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March 25, 2024. Paint-covered children at the Mountain Children Home in Dadagaun, Nepal, during the celebration of the Holi festival.

Picture courtesy: Mountain Children Home

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A guide to Holi – The Hindu festival of colour

Students aged 11-18 from the OXSFJ Nepal Project shared their celebration of Holi Festival

Holi, the Hindu Festival of Colour, is a major event in South Asian countries including India and Nepal. People who observe Holi use this period of time to emphasise positivity and let go of all the negativity in their lives.

It is celebrated during the month of March. People come out onto the streets and throw coloured water and powder at each other, and have a joyful time. Kathmandu, Nepal’s capital, is full of noisy laughing crowds, their clothes and faces covered in different colours.

It is also a time to renew friendships and mend old arguments.

When does it take place?

Holi is celebrated during the months of Chaitra and Falgun in the Nepali calendar, which is usually equivalent to March in the Western calendar. It falls between the end of winter and the start of spring, so it is also a way to celebrate the arrival of spring.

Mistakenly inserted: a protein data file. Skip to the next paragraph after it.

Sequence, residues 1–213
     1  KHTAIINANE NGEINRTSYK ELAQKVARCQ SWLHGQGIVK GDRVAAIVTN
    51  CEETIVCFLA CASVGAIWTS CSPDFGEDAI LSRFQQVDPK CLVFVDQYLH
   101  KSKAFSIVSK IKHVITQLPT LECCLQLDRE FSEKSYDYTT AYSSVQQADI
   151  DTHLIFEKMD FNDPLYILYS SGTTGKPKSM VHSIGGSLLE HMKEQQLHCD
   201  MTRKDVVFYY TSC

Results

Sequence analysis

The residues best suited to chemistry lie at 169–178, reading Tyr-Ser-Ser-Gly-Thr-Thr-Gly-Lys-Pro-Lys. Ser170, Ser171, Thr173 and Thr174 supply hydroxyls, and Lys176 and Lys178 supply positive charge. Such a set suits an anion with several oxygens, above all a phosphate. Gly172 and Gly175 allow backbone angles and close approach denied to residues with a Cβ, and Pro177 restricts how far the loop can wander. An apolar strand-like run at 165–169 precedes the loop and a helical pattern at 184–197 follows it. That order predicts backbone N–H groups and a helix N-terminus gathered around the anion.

The festivities are split across the different regions of Nepal. This year, the Mountain and Hilly regions celebrated Holi on March 24, followed by the lowland Terai region on March 25.

How and why people celebrate

One way people celebrate Holi is by lighting bonfires on the evening before the festival, to celebrate the victory of good over evil.

Hindu mythology talks about a demonic king named Hiranyakashipu, who wanted everyone to worship only him. However, his son Prahlada disobeyed his orders and stayed loyal to Lord Vishnu. To punish him, Hiranyakashipu ordered his sister Holika (who was immune to fire) to take his son and sit with him on a burning pyre. But the child was saved by his devotion to Lord Vishnu and instead Holika was burned alive.

Some celebrants also refer to Lord Krishna, his love Radha and his cosmic play with the consorts and gopikas (devotees). But the main way they celebrate Holi is by throwing coloured water and coloured powder (known as abeer or abir) at each other. They also dance, sing and eat special foods.

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OXSFJ Nepal Project

11 students aged 11-18 from the Mountain Children’s Home in Kathmandu are learning journalism under a project managed by The Oxford School for the Future of Journalism.

Under the scheme, Kalpana B.K (11), Laxman B.K (11), Rakshya B.K (12), Samuna B.K (12), Pratima Chaudhar (13), Ramaita Chadaxa (13), Binita Nepali (14), Santoshi Gurung (14), Suraj Tamang (15), Kriti Tamang (15) and Om Lal Shrestha (18) all attend weekly journalism classes in English with OXSFJ tutors.

Edited by:

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Jefferson He

Editor-in-chief

London, United Kingdom

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